It stresses me out when I think about all of the plastic bottles that get thrown away, in my dreams see piles and piles of them floating around the beautiful oceans. Well, maybe thats a little too far, but people could easily be a little more aware of the plastic waste thats created by guzzling a product that flows freely from taps. Now, unless you live in my town that’s voted “Best Tasting Water” for the past few years, you’ll need to filter most tap water to remove the taste of chlorine or other undated byproducts. Even my fresh as fresh can be tap water needs to be filtered if my pretentious coffee brewing desires are to be fulfilled. In addition to my barista needs, my wife hates the taste of all tap water, so filtering it is a requirement.
British Berkefeld Gravity Water Filter Introduction
I don’t know why the nationality of this filter is front and center in its name, I grew up in England and don’t remember us being particularly good at water filtration. In my opinion the ceramic filters it uses should have made it into the name, as those little things are the real reason to buy this product. I suppose the “Gravity” element is of importance here, but it doesn’t let you know about the cleaning ability of the filters. The British Berkefeld Gravity Water Filter is pretty big, and shiny without any bells and whistles. It doesn’t have any digital displays, date markers or clear plastic elements to see the level of your water (perhaps this is the British part).
British Berkefeld Gravity Water Filter Features
This is really the main reason to buy this filter. The ceramic filters are very easy to clean and rarely need replacing, they claim that they are Self-sterilizing and re-cleanable filters. The cost of other filter jugs goes up quite when you start factoring in the replacement of the plastic filters they use. That also starts to affect the environmental benefit of filtering your own water. For me, one of the main reasons for filtering my drinking water is to save on the plastic I throw away. Sure, I recycle all my bottles, but thats not as good as just avoiding plastic in the first place. I could add 2 extra filters, which I guess would make it filter quicker, but the speed of the whole unit isn’t critical for me, so 2 works just fine.
2 Gallon Reservoir
This could definitely be bigger, it could be 3 gallons, or maybe 5 gallons. You could possible just start drinking straight from your 50-gallon Portable Rain Barrel. Thankfully the clever folks at “British Berkefeld” know better than us Americans, bigger isn’t necessarily better. 2 gallons is quite a lot of water for a small family to drink in a day, it’s also quite a lot of water to lift up. That’s important to remember as I am always draining it into my OXO On 12-Cup Coffee Brewing System, or my fridge carafe. I would find anything more than 2 gallons a lot of work.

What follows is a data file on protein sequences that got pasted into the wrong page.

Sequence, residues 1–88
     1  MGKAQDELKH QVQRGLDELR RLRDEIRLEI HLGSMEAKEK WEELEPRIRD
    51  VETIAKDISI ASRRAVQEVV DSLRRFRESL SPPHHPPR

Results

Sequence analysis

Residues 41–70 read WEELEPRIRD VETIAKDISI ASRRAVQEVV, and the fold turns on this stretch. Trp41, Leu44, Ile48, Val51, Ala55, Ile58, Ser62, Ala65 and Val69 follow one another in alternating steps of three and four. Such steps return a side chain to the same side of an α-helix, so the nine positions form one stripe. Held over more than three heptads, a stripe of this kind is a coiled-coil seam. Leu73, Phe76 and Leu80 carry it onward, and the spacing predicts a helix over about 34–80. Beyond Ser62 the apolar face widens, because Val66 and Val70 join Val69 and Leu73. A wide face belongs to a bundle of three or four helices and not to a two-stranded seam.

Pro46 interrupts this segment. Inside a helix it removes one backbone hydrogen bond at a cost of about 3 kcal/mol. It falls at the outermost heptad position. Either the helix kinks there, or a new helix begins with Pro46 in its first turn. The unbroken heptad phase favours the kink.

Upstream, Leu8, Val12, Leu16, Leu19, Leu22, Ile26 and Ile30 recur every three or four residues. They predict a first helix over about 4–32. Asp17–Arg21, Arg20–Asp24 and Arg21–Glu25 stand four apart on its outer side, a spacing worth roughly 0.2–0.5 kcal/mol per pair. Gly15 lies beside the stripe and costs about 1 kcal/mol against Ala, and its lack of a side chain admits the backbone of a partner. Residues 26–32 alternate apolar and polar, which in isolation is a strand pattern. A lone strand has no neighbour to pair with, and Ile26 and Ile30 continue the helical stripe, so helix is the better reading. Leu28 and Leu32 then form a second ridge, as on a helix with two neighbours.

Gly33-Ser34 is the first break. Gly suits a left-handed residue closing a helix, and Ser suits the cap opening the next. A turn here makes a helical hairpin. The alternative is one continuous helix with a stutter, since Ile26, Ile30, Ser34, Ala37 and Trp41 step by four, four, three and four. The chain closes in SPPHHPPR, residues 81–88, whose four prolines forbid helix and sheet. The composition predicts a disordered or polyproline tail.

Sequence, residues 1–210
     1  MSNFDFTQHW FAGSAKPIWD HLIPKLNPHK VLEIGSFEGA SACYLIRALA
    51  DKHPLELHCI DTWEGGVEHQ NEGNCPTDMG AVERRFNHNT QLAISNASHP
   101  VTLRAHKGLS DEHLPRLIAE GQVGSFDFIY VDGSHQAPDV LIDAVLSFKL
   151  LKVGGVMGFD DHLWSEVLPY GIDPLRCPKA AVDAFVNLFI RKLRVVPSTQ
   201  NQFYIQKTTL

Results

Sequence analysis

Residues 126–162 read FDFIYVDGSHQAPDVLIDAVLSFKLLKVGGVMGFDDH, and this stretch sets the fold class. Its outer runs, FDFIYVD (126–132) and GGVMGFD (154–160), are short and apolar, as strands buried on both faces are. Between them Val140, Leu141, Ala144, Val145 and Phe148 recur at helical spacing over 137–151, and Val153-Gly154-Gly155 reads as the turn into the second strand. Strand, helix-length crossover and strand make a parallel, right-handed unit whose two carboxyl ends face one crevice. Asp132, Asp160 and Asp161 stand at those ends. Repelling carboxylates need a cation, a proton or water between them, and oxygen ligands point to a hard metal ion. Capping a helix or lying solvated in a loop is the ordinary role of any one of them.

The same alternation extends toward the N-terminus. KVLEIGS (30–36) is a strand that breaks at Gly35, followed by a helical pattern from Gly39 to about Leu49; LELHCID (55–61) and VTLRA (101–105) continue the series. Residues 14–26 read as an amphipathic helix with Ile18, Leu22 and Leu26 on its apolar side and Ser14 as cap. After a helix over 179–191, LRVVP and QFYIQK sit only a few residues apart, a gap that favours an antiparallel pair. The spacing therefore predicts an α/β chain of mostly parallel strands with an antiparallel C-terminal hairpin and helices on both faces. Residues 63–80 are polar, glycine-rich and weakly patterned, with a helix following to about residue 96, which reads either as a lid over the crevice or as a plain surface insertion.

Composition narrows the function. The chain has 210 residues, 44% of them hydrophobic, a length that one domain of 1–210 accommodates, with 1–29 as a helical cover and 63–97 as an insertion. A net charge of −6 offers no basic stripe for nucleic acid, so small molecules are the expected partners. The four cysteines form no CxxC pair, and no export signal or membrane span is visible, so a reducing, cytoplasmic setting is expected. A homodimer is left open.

Using the British Berkefeld Gravity Water Filter
It’s not a complicated unit to use, I don’t think it could be much simpler really. You fill up the top section and let gravity do the rest. It takes about an hour for the whole top section drain into the bottom part. It takes longer the dirtier the ceramic filters are. Thankfully the filters are easy to clean. They unscrew and can be sponged off and put back easily. The reddish, rest colored sludge that comes off mine makes it obvious when the white filters are clean again. I have no idea what that stuff is, but probably best not to think about it too much. At least its on the right side of the filter and not being consumed.
British Berkefeld Gravity Water Filter Pros
- Easy to clean
- No additional cost for filters
- Convenient size for daily water use
- Shiny silver appearance better than plastic
British Berkefeld Gravity Water Filter Cons
- Initial cost fairly high
- Takes up a lot of counter space
- Won’t cool water or fit in fridge
British Berkefeld Gravity Water Filter Conclusion
Once you’ve dropped a couple of hundred dollars on a water filter, you tend to stop shopping around. I had owned variations on the small fridge sized jug that requires constant replacement filters, and they always seem to be more effort to constantly fill and replace. If you are a coffee nerd or tea snob and you need to brew your drinks with filtered water then this thing is awesome. It takes a little getting used to, losing the counter space and looking at this tall shiny object that doesn’t fit under any counter. But once you’ve got used to it you’ll love it. It’s saved me loads of money on bottled water and filters. I would highly recommend a small family buy one of these and stop buying bottled water.